Contact lenses can be annoying. But poking yourself in the eye for the third time in one morning has nothing on this woman from the UK who ended up with a contact lens embedded in her eyelid for nearly 30 years.
The 42-year-old had a slightly swollen and droopy eye for six months before finally being referred to the Department of Ophthalmology in NHS Tayside, in the town of Dundee in Scotland.
When the doctors, Sirjhun Patel, Lai-Ling Tan, and Helen Murgatroyd conducted an MRI to see what had happened, they found a small cyst around 6 millimetres in diameter. They organised a surgery to have it removed.
"During excisional surgery, an encapsulated cyst was found within the soft tissue superior to the superior fornix," the researchers explained in the paper.
"There were no signs to suggest previous injury to the eyelid or tarsus. On removal, the cyst ruptured and a hard contact lens was extracted."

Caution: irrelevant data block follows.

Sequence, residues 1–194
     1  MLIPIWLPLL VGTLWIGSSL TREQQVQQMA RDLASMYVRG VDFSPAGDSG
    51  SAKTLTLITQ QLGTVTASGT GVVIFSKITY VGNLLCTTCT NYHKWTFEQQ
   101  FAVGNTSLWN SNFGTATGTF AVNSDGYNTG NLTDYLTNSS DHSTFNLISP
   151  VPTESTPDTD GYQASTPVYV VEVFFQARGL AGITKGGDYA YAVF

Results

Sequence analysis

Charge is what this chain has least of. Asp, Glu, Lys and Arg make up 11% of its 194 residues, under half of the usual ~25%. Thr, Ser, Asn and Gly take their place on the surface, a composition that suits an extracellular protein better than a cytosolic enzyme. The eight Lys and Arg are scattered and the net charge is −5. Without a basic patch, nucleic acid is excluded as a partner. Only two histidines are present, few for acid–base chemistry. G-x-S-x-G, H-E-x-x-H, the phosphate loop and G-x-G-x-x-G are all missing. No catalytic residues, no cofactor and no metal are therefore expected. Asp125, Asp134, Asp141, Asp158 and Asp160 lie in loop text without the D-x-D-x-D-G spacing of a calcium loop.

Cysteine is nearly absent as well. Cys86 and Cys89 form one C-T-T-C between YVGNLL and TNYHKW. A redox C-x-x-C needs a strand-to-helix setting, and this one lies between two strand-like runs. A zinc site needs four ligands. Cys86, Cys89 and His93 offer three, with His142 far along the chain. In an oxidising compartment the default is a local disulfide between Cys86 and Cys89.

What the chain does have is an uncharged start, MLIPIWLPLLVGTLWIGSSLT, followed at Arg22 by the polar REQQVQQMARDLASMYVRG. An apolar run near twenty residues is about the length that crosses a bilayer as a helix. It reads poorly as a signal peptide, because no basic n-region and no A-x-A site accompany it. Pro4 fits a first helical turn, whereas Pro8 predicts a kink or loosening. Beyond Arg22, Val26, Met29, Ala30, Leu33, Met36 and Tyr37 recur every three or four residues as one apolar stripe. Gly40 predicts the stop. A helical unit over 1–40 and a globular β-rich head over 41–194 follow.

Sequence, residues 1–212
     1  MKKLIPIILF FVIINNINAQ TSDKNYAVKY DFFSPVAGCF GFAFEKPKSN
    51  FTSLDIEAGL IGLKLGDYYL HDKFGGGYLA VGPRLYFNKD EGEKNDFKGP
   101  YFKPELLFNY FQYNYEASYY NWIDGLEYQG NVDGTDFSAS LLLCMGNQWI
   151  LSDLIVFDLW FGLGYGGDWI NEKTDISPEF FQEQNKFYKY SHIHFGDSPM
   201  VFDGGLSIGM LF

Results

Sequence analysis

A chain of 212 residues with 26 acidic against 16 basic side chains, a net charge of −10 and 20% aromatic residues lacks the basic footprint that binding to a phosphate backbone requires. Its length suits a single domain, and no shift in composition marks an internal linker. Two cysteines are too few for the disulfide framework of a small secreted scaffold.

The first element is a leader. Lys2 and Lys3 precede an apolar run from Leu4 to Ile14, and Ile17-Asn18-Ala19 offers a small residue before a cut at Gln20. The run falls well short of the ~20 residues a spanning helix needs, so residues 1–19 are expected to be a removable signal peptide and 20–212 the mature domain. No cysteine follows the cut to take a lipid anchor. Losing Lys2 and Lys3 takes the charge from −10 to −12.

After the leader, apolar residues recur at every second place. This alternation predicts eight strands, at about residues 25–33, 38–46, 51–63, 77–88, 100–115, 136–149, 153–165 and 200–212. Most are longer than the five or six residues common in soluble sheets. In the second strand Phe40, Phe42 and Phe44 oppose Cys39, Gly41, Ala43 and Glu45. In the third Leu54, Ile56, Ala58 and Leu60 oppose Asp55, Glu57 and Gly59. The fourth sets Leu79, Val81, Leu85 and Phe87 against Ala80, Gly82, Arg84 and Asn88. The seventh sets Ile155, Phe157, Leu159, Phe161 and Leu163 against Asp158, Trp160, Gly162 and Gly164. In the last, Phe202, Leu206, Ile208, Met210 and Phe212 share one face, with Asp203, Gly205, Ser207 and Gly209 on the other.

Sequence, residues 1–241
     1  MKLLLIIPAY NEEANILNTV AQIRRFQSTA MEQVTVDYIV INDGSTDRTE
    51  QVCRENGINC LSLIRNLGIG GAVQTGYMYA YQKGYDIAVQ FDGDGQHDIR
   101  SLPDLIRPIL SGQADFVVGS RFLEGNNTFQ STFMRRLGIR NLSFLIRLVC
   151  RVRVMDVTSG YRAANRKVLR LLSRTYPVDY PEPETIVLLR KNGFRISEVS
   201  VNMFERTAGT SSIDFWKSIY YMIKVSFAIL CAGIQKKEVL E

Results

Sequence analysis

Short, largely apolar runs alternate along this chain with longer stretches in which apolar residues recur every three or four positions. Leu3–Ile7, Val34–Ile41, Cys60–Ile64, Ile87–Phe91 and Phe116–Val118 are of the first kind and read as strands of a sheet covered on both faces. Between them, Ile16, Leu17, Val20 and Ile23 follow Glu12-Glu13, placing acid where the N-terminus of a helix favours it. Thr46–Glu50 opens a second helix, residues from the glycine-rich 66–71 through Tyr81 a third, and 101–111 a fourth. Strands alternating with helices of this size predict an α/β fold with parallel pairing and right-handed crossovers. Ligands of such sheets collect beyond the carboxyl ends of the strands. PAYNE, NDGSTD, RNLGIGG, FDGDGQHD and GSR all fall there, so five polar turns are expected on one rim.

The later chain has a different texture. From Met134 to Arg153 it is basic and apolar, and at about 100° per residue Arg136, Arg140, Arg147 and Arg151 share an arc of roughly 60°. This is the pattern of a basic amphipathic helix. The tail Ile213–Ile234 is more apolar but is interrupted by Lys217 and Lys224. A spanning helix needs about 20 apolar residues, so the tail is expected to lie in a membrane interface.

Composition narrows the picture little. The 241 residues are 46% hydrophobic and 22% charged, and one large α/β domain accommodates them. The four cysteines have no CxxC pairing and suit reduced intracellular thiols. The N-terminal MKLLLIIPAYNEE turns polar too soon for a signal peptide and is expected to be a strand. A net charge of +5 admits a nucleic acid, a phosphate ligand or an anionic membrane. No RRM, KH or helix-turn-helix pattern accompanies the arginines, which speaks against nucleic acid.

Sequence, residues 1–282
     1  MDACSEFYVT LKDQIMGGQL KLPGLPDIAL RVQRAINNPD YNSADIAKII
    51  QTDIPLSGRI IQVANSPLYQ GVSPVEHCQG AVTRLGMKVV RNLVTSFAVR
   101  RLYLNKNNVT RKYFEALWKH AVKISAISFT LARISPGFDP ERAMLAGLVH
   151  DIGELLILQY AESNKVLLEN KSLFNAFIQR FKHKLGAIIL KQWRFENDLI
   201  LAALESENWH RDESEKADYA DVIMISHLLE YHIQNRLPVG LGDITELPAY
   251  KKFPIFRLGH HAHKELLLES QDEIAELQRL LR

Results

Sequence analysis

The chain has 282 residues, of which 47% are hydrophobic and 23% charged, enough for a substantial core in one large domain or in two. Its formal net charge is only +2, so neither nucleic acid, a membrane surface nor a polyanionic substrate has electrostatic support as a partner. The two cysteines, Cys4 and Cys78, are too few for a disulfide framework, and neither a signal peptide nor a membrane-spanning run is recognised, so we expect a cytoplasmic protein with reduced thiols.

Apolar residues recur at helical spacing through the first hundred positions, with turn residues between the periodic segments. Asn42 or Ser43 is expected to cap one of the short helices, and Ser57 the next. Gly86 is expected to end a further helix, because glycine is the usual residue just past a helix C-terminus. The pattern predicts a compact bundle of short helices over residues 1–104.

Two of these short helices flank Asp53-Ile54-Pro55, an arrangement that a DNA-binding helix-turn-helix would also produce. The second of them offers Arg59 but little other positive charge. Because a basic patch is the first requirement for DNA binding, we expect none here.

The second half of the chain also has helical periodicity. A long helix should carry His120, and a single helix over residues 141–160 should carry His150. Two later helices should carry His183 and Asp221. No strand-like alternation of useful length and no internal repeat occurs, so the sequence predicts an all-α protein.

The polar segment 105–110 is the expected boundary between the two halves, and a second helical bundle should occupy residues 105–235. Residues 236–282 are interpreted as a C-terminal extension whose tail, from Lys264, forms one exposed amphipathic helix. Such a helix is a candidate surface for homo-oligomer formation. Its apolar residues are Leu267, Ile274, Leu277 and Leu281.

But here's the thing – the woman had not worn hard contact lenses like the one found in her eye for decades. To start with, she had no idea where the lens might have come from.
"On further questioning, the patient's mother recalled that the patient had a history of blunt trauma to the upper left eyelid as a child," the researchers explained.
"The patient was hit in the left eye with a shuttlecock while playing badminton at the age of 14. The patient was wearing an RGP contact lens at the time, which was never found. It was assumed that the contact lens dislodged out of the eye and was lost."
But instead, it appears to have got stuck in her eyelid. For 28 years. That contact lens pretty much owned the place at that point.
At the time, the researchers note, there had been some swelling, but it went down not long after - and the family really had no reason to suspect the lens was still in the eye.
The patient hadn't worn hard contact lenses since, so the team inferred it was that fateful game of badminton that caused this lodgement.
Before you start trying to remember all of the contact lenses you've ever lost in your life, note that this is an extremely rare occurrence, and also didn't cause the patient much discomfort.
Instead, the researchers note it's a good reason for ophthalmologists to check for these kinds of things after eye trauma. Otherwise, you might just end up in a case report 28 years later.
The research was published in BMJ Case Reports.
A version of this story was first published in August 2018.